09 May 2011

The Mikado

I surprised myself by procuring and watching this fairly unusual-for-me musical based entirely on a review of Topsy-Turvy that off-handedly suggested Gilbert and Sullivan used The Mikado and the new-to-the-west Japanese culture/world as a screen to openly deride the bureaucratic buffoonery of the government at the time, and since one of the more difficult aspects of my script is governmental buffoonery I gave it a try. It was helpful, I think, mostly because the dialogue and plot is so brilliantly off-kilter absurdist that it's like a proto-Catch-22 in its genius recursive nonsense.

The music is bizarre and operatic and catchy as hell (not a big surprise) and the lyrics seem like they were written by the man who wrote the Thesaurus (also not a big surprise), and both seemed, like I said, outside my typical wheelhouse but fun. But the world of the story... the Japan presented here... what a strange cultural artifact! White people in colorful foam costumes and practically clownish makeup portraying a world as consistent and fantastical as Brazil, only this world was ostensibly "Japan." It's a little like watching anime movies "borrow" from elements of western storytelling or legend and repurpose them into some unidentifiable hodge-podge. Taken as representational of contemporary view of eastern culture, it looks pretty racist at first -- but it doesn't take long before you realize it isn't trying to be representational. It really is setting up a strange and bureaucratically obsessed world. It really is a spiritual ancestor to Brazil. With Gilbert and Sullivan songs. And a convoluted operatic plot.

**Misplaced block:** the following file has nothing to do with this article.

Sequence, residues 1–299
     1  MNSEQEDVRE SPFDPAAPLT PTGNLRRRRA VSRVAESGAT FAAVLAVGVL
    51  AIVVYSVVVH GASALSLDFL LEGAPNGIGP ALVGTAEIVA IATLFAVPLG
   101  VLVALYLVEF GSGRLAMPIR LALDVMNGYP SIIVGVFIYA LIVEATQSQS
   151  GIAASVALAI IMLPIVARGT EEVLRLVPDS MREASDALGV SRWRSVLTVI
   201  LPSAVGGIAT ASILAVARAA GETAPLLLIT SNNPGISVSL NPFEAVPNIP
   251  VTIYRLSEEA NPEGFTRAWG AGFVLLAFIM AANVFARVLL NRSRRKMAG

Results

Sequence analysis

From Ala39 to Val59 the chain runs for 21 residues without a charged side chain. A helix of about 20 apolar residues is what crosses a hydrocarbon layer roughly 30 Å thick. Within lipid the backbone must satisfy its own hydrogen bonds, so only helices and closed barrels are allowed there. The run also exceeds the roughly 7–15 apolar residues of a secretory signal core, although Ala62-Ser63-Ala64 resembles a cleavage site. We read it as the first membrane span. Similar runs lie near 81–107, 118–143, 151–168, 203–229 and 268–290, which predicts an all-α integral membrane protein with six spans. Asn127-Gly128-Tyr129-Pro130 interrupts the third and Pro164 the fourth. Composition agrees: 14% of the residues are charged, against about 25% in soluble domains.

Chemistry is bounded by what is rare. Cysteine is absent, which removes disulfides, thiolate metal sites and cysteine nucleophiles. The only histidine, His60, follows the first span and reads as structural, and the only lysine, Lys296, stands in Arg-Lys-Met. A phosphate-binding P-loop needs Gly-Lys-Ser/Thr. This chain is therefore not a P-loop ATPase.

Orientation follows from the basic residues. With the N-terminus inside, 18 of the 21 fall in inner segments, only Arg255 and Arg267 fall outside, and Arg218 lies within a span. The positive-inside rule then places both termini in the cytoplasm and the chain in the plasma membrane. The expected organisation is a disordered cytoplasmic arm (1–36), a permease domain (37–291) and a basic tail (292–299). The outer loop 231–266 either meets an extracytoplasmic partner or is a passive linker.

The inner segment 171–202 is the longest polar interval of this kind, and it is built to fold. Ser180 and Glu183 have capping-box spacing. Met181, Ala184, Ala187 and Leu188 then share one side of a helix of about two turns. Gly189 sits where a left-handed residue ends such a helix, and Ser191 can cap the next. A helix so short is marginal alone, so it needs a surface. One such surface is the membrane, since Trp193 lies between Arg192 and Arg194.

Really bizarre. Very silly. But a lot of fun.

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